Do I need Ethernet connection?

My upstairs TV has the antenna connection and the downstairs has the fibre wifi router.

It would be very difficult to run coax or ethernet lines between the two.

Could I make the tablo (Tablo Dual) antenna connection upstairs and use the wifi to connect the two? A recent speed test from 2nd to first floor showed 25mbs. or would there be an advantage to purchase an Ethernet power line adapter so there would be an Ethernet connection directly to the downstairs fibre router?

Any pre sales help would be appreciated.

Ron W.

Yes you can use wifi as long you have a good signal from your router, if you experience to much buffering you can get the ethernet power line adapter or wifi extender.


Any difference between a power line adapter and a wifi extender. I read that an extender creates another network, requiring a different net name and login?? is that true?

If it is true a power line adapter would be easier for me, I’m not too technical.

Ron W.

Not familiar with power line adapter can’t compare. I have a two story house and rewire and put cat5e in every room going to one central location where the wifi gateway is located but I still program an extra asus router to be an access point and put the same ssid name and password now even I’m in the backyard I still get a strong signal and because I put the same password and ssid name any wireless device I have connect to the strongest signal like my ring door bell and all the smart speaker that don’t have ethernet on them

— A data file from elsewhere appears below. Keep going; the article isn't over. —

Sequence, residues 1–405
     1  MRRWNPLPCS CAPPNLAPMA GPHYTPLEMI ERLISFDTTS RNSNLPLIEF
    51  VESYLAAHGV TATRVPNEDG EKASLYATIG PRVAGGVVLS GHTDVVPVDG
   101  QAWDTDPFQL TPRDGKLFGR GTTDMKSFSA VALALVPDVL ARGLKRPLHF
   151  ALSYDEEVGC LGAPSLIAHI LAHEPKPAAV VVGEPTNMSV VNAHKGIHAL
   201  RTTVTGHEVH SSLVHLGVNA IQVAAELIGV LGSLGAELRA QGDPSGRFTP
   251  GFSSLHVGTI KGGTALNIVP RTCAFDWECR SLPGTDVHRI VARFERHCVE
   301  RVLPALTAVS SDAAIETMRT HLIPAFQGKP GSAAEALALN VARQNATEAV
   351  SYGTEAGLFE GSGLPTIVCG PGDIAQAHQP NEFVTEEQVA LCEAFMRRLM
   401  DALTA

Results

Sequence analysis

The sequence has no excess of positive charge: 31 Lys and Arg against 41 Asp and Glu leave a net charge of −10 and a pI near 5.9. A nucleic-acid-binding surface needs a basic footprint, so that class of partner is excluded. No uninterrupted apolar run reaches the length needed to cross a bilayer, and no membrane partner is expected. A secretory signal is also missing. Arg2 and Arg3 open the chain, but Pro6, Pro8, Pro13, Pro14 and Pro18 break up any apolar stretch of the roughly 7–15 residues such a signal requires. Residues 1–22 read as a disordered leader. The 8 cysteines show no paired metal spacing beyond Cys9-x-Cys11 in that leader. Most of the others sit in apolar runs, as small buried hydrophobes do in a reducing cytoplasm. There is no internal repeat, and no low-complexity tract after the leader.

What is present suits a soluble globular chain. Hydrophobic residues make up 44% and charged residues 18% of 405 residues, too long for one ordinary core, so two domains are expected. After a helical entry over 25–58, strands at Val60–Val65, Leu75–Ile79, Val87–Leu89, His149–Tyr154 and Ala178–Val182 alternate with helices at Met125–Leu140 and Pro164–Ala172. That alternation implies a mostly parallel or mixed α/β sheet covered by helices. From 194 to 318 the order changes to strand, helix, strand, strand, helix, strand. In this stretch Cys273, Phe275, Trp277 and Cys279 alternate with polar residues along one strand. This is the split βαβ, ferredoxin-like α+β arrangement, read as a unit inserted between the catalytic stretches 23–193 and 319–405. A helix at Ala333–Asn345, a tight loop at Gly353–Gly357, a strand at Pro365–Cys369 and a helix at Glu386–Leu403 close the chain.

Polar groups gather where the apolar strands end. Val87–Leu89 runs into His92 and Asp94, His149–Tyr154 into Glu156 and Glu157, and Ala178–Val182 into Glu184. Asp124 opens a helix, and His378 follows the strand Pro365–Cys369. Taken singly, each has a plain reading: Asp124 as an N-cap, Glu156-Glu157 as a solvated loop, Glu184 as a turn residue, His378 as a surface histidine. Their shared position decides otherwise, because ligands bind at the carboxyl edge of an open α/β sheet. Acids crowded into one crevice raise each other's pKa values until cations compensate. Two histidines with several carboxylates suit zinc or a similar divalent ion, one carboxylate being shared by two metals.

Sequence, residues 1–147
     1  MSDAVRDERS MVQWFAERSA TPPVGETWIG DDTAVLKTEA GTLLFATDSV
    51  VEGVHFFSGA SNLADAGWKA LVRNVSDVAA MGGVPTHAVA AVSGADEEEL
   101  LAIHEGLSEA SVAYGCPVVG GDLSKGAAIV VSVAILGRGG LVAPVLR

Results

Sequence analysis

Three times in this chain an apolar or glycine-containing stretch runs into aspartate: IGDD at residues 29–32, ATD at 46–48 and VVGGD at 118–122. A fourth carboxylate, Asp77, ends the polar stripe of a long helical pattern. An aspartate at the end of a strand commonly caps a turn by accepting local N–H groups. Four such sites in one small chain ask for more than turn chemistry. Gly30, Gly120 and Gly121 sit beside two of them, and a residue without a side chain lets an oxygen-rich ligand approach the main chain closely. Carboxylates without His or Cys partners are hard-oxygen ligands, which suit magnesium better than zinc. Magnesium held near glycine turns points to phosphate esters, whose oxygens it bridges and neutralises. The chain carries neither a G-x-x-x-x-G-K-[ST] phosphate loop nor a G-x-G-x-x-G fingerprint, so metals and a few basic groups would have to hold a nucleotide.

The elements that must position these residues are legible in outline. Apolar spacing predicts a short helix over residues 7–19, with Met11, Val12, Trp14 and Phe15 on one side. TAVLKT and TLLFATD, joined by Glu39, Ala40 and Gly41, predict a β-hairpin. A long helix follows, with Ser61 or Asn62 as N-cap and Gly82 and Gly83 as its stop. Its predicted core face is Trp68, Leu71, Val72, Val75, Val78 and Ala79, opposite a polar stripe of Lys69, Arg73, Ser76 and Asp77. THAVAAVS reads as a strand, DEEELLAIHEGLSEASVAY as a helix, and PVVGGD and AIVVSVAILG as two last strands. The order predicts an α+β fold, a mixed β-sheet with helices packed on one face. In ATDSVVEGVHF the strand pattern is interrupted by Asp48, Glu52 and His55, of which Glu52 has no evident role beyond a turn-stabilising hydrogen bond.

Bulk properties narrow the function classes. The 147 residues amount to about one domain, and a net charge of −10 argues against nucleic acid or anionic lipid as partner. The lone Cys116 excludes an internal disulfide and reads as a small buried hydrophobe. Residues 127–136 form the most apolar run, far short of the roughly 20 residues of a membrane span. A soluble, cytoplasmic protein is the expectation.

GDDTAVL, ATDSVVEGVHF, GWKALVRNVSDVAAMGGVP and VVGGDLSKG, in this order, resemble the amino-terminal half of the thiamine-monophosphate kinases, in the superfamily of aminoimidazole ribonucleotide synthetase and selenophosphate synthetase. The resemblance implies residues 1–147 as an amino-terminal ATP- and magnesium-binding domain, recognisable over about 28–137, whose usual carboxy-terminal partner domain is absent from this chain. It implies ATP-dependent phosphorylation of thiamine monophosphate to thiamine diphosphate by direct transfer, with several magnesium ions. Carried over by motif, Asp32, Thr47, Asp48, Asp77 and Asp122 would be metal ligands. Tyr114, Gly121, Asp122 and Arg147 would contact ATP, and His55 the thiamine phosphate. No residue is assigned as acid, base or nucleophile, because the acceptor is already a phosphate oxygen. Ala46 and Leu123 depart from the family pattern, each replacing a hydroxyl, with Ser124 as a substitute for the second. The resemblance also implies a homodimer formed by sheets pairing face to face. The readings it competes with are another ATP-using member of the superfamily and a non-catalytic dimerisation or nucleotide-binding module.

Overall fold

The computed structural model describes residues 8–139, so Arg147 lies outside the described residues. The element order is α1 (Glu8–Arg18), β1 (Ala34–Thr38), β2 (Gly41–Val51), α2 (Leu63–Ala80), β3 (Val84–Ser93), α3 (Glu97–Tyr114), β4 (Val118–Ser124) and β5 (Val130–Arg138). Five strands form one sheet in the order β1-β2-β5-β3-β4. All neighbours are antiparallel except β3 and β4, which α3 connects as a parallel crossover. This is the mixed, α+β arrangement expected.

The power line units work well in many cases, especially with homes built in the last 30 - 40 years. Make sure your home has a good ground on all affected outlets, and that you have one circuit breaker box. (Often times the connection will span separate breaker boxes very poorly, if at all.) Also, if your home is wired with a central (break box mounted) ground fault adapter, it is very likely the power line units will not work well. If you have GFI outlets near the bathroom or kitchen sink, you’re likely OK.

I am using several TP-Link AV 1200 units with excellent results. These units make use of all three wires in the AC circuit and require a good ground. I see about a 30% - 50% drop of signal from the back of the main router to the power line unit. (This will vary some, based on local conditions and appliance usage.) Some TP-Link AV1200 units even have a built-in wifi router (both 2.4gHz and 5gHz) to provide additional wifi coverage to the rest of the house.

My Tablo is in the sunroom, with the Plex server in the front office. The TVs and Rokus all connect via wifi. Move gigabytes of data through them daily with no hiccups – even when multiple people are streaming.

Power line extenders look like a piece of wire from the prime unit to the remote unit. They are truly “plug-n-play”, unless you get the ones with a router built in. My have only needed to be unplugged and plugged back in a couple of times in more than a year.

A bit of advice: stay with one brand of power line extender and one speed. While supposedly compatible, many systems do not work well together. Also, NEVER connect a power line extender through an extension cord. It will work very poorly, if at all. Also, I tried to save money by using units slower than AV 1200 (AV500, 600, etc) and was constantly disappointed. Many dropouts.

My daughter had been having problems streaming NetFlix for over a year. (Intermittently) She tried a repeater which did not help at all.

On my last visit, we bought the NetGear PL1200 for about $75. Installation was simply plugging the power line devices into the AC power and running ethernet cables from those power line devices to the router or the ethernet port on the other end.

The result was dramatic. Perfect signal at the furtherest TV set.

We bought it at BestBuy so that if there was a problem, it could be returned. There are warnings that if your power line is noisy then performance may be impaired to some degree depending on the severity of the noise.